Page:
ErAs:In0.53Ga0.47As                           A. Shakouri 3/25/2009


       Phonon scattering by ErAs nanoparticles
            3-fold reduction in thermal conductivity beyond the alloy limit
Thermal Conductivity [W/m-K]




                                                 InGaAs
                               6



                                       0.3% ErAs:InGaAs

                               3
                                        3% ErAs:InGaAs                                Nanoparticle

                                         6% ErAs:InGaAs


                               0
                                   0      200         400          600          800
                                                Temperature [K]      W. Kim et al. UCB/UCSB/UCSC            36
                                  Module Power generation results                            A. Shakouri 3/25/2009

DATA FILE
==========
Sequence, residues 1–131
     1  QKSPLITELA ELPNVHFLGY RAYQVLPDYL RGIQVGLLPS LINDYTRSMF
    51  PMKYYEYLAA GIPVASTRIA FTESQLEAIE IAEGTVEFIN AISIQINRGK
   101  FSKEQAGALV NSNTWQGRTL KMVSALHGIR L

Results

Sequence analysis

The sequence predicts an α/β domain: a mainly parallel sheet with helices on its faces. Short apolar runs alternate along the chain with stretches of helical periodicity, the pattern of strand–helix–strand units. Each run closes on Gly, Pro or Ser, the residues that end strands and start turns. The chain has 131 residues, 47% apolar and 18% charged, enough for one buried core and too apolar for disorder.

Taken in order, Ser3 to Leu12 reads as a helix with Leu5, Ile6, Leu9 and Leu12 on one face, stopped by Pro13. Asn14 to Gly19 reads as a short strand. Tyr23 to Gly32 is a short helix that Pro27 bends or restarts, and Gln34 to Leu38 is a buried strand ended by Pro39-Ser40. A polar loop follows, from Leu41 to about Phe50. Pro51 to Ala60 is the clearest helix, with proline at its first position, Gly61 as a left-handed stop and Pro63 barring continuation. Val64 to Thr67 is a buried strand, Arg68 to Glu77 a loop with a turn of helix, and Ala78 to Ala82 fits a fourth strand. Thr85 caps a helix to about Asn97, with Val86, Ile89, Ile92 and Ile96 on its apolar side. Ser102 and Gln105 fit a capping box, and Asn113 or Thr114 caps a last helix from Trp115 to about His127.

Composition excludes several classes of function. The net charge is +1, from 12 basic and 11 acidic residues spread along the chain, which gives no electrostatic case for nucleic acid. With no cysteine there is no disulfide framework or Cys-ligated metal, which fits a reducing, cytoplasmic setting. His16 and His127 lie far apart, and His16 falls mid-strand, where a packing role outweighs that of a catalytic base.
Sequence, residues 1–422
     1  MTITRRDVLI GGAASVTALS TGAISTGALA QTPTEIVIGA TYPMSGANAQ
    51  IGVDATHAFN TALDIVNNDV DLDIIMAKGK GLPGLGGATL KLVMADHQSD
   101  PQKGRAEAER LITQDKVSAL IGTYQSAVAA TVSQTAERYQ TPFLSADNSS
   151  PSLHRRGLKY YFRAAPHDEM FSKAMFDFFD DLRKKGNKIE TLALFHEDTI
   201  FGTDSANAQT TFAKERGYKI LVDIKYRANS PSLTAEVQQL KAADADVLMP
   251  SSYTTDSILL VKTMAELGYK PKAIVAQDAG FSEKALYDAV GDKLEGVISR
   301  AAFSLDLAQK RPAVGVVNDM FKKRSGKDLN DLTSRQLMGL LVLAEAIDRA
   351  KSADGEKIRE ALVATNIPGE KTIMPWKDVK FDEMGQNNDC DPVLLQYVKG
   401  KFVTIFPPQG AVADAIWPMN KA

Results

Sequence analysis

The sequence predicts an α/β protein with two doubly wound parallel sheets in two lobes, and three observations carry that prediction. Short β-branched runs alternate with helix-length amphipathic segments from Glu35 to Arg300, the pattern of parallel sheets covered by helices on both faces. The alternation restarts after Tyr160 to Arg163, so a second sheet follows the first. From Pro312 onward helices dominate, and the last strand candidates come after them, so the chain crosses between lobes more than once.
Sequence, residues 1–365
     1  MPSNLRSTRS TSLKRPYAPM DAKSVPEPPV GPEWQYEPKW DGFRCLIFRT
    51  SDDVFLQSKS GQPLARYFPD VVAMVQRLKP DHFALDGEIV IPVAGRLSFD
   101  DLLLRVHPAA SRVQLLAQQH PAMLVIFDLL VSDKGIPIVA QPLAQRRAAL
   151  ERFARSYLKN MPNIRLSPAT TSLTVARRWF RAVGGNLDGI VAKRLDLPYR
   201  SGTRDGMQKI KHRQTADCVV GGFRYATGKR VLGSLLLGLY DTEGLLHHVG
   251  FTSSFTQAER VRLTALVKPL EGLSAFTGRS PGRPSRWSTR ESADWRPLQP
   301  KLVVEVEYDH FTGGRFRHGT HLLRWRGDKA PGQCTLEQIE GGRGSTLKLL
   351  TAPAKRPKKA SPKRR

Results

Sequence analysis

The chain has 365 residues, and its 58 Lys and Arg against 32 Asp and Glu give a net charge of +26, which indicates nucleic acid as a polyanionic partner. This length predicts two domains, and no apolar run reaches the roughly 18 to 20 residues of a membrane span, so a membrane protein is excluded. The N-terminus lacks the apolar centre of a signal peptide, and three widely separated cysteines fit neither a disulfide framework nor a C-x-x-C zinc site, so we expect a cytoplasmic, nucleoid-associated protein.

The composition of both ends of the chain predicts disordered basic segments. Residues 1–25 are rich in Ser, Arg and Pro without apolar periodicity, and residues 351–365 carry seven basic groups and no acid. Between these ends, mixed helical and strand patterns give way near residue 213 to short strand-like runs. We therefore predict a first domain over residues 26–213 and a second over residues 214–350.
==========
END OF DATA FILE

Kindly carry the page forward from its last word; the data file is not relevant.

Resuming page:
400 elements (10-20 microns ErAs:InGaAlAs thin films,
                       120x120mm2)
                         3
Output Power (W/cm )




                                        20 mm module
2




                        2.5
                                        10 mm module
                         2

                        1.5

                         1

                        0.5

                         0
                              0    20   40   60   80   100   120   140
                                                                         G. Zeng, J. Bowers, et al.
                                             DT (K)                      (UCSB, UCSC) Appl. Physics
                                        140 mm/140 mm AlN                Letters 2006               37
                      Summary                           A. Shakouri 3/25/2009




• Significant amount of energy produced in the world
  is wasted in the form of heat (61% is US)